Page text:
Africans on the Move: Transnational, Intranational, and Metaphorical Migrations
Bamidele, owner of the train,
Please take me home,
Please take me home,
To my father’s house, o-o
Bamidele, owner of the train.
In some songs, Bamidélé is substituted for Akìwowo, who is the main character in Àráoyè’s poetry. Late Baba Olátúnjí, Nigerian master drummer who was also an immigrant in America popularized this tune by using the Akìwowo name. Baba was old enough to know what happened when trains were brand new in Nigeria, and for him, Akìwowo was a famous conductor who faithfully ensured that the passengers on his train did not miss the train. Àráoyè’s Akìwowo both recalls Baba’s and is in synch with
our childhood memories of “Bamidélé, olókò ilè”. It recalls Baba’s lyrics in the sense that there is a common name. It is in synch with our childhood memories because the central character is a trainmaster.
The poem also speaks to the theme of migration because it alludes to a restlessness in the constant movement of the train. It indirectly alludes to the never-ending rural-urban migration of alájàpá and of women who bring produce from rural to urban locales. Of course, the train also carries travellers who want to visit kith and kin, it carries business people, and it carries everyone who needs transportation. The train may be decrepit and slow today, just like that in Àráoyè’s poetry, but in its heyday, it was a romantic, faster mode of transportation that provided some very valuable communication linkages between rural and urban Nigeria. That the trains are now in their disreputable state is yet another indictment of the wanton neglect of Nigerian infrastructure by the country’s post- colonial governments, a fact that is familiar to most Africans who experience the same in their own countries. As the Yorùbá say, “arúgbó s’oge rí– “the elderly were once fashionable.” The trains too were once fashionable, preferred, and novel enough to spur creative poetry and songs. These immigrants would dearly love for the Nigerian government to bring back the efficiency, utility, and poetry of the trains and railroad. Other African immigrants would similarly love their countries to refurbish and rehabilitate the continent’s crumbling infrastructure, and keep their ends of the social contract by providing even better and more extensive infrastructural facilities that would enhance the possibility of communication and economic development within and between the continent’s countries.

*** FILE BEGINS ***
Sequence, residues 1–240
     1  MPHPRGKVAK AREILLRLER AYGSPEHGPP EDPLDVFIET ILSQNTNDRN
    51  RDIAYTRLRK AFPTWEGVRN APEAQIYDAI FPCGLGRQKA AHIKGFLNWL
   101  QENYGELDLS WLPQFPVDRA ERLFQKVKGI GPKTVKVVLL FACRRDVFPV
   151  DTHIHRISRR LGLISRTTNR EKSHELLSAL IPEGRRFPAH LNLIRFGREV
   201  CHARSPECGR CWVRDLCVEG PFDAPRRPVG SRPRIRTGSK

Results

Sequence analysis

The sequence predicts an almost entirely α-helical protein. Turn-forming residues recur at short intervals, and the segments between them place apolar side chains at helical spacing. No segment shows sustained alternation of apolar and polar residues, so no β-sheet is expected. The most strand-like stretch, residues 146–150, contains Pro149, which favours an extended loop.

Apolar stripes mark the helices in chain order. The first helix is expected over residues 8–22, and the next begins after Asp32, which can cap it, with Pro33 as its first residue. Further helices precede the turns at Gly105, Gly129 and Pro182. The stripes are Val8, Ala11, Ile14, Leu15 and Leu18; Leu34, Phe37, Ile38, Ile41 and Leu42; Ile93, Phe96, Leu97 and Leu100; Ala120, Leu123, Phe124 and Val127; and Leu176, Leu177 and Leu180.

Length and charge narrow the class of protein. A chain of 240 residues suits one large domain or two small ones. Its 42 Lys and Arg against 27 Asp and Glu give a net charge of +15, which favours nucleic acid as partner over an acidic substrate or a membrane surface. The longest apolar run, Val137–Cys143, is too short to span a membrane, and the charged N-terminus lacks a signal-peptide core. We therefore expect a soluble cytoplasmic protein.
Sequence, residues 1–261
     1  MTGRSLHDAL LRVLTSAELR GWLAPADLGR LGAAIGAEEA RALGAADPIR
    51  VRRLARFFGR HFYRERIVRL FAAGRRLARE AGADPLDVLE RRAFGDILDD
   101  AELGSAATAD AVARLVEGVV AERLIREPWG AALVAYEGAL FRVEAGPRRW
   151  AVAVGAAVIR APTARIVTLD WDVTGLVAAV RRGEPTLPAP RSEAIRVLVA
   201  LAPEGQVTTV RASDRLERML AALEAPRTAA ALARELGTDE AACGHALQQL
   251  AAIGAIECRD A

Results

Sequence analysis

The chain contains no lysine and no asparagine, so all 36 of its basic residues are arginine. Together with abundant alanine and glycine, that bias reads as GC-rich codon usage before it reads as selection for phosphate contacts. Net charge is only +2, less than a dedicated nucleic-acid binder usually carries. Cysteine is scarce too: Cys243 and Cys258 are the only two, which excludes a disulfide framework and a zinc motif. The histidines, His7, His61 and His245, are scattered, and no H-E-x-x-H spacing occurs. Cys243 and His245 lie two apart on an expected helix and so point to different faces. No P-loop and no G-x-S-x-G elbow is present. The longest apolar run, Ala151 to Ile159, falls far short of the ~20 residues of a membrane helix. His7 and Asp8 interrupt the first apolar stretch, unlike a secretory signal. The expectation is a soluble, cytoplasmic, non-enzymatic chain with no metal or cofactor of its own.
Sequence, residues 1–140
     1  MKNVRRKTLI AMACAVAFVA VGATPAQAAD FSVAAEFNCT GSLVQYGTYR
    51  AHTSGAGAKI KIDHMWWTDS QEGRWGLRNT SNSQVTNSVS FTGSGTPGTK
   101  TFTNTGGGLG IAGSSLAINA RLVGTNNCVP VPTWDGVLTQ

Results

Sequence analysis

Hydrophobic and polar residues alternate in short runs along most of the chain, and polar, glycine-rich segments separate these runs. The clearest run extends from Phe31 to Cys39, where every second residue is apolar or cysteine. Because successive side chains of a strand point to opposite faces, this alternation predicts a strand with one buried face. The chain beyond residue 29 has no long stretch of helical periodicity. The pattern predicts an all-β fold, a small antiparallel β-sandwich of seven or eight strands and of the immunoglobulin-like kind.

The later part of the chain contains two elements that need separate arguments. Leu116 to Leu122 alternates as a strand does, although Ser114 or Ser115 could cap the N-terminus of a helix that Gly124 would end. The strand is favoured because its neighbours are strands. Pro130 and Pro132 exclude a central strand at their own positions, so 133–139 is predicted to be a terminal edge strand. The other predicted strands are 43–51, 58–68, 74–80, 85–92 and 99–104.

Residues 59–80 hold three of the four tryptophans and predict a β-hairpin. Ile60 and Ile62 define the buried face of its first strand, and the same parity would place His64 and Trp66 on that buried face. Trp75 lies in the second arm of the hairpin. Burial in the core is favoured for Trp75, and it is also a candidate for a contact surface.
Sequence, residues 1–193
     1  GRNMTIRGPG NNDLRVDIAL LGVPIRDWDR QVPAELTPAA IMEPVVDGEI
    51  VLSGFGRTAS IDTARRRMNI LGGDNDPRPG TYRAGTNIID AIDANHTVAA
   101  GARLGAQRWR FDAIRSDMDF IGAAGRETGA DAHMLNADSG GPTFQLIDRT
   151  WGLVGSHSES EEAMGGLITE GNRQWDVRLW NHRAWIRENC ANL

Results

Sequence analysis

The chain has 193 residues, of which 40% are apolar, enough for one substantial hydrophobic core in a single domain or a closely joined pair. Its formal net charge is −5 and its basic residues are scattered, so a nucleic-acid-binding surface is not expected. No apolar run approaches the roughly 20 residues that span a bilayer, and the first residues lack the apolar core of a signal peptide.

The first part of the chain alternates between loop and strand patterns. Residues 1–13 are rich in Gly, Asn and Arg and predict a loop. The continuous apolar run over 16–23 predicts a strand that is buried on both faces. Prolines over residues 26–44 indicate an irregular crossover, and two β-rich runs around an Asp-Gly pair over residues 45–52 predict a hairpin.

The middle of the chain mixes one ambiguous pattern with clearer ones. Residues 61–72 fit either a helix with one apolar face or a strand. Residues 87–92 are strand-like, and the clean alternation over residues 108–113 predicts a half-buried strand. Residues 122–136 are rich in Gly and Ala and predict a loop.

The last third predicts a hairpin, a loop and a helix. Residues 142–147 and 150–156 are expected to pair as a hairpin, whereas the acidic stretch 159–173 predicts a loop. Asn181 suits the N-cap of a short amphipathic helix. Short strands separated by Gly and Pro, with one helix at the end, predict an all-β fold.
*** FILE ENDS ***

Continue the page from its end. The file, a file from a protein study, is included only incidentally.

f i l e : / / / D | / P u r e H o s t - d 3 0 0 4 6 1 9 1 - e m i g r e 1 2 3 / a r c h i v e _ 0 2 / e d i t o r i a l . h t m ( 1 9 o f 2 7 ) [ 3 / 2 1 / 2 0 0 5 9 : 3 4 : 0 8 A M ]